Announced yesterday by Troy Hunt, of Have I Been Pwned (HIBP) fame… NCA Post 585,570,857 [creds] With HIBP, Hunt said 225,665,425… he’s never seen before in the 613 million HIBP credentials already stored. [HIBP] It allows anyone to perform a secure stolen password search to check if their credentials have been exposed.
Hunt’s NCA statement did not reveal the source of the password trove [but said they] “I was able to identify a large amount of … passwords in a compromised cloud storage facility. … It became clear that these credentials were an accumulation of known and unknown compromised data sets.”
[The] It brings the total number of Pwned passwords to 847,223,402, an increase of 38 percent.
How relevant is this to DevOps? Troy Hunt explains:
In the past month, there have been 1,260,000,000 occasions where a service somewhere checked the password against… HIBP’s Pwned Password API. … There are all kinds of amazing password use cases out there. For example… checking their customers’ passwords at every registration, login, or password change to see if it has been compromised before.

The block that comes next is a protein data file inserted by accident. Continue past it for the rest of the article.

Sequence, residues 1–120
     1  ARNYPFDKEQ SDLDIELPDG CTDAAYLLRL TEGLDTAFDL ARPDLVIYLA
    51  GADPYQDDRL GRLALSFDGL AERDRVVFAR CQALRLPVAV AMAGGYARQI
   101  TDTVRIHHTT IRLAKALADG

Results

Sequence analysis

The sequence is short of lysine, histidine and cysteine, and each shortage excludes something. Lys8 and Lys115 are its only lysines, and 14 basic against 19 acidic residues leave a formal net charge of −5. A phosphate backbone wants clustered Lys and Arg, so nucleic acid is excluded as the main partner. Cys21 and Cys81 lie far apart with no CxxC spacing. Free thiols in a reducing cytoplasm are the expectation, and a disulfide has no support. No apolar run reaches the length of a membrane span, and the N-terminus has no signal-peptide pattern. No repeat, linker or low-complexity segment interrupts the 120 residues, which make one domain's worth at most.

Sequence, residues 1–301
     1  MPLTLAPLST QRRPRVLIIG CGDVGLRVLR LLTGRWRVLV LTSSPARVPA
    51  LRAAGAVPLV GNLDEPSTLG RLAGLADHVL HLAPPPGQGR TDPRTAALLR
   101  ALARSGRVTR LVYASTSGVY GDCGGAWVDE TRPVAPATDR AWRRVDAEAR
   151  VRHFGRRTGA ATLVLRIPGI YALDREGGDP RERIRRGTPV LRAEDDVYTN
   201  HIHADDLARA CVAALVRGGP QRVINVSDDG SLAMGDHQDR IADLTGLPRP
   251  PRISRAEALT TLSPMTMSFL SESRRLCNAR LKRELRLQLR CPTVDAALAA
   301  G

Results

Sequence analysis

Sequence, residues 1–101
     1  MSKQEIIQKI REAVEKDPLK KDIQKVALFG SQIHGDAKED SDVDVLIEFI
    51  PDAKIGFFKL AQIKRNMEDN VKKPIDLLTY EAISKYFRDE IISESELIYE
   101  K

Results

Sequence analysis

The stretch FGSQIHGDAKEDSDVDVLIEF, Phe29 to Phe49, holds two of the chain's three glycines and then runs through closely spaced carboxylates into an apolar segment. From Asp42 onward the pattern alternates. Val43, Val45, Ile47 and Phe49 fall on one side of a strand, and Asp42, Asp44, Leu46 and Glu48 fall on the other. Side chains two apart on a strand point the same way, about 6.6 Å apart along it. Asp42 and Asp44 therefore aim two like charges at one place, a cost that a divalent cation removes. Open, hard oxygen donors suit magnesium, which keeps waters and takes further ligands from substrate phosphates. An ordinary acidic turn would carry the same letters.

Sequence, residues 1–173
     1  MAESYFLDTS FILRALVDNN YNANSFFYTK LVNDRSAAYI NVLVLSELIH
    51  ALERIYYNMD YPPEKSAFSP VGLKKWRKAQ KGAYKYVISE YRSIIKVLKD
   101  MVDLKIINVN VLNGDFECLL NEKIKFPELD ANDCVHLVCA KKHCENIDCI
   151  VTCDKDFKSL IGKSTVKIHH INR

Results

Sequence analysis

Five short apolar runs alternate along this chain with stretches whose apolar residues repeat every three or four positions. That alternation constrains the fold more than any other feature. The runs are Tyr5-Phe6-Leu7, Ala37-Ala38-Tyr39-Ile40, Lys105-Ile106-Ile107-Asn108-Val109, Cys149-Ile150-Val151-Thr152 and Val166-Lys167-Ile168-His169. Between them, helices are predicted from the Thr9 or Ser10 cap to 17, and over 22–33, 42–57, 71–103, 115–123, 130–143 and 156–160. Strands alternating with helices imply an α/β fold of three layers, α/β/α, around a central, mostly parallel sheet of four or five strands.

The UK’s National Crime Agency has done some great work over the years to combat cybercrime. …today’s release is all about running a hose of new passwords and making them instantly available to everyone for free. The opening of this community, owned by the community and supported by the FBI and NCA, is a very satisfying outcome.
It’s time for a metaphorical thought experiment. LenKagetsu is committed to:
You were told by a reliable source that an unknown person… posted a high-resolution picture of… your house key… on the Internet. Do you want to change the locks?
The cues from the story: Never switch horses in the middle of the road
You have been reading long vision by Ritchie Jennings. You can contact him at Tweet embed or [email protected].
Photo: David Emrich (via Unsplash)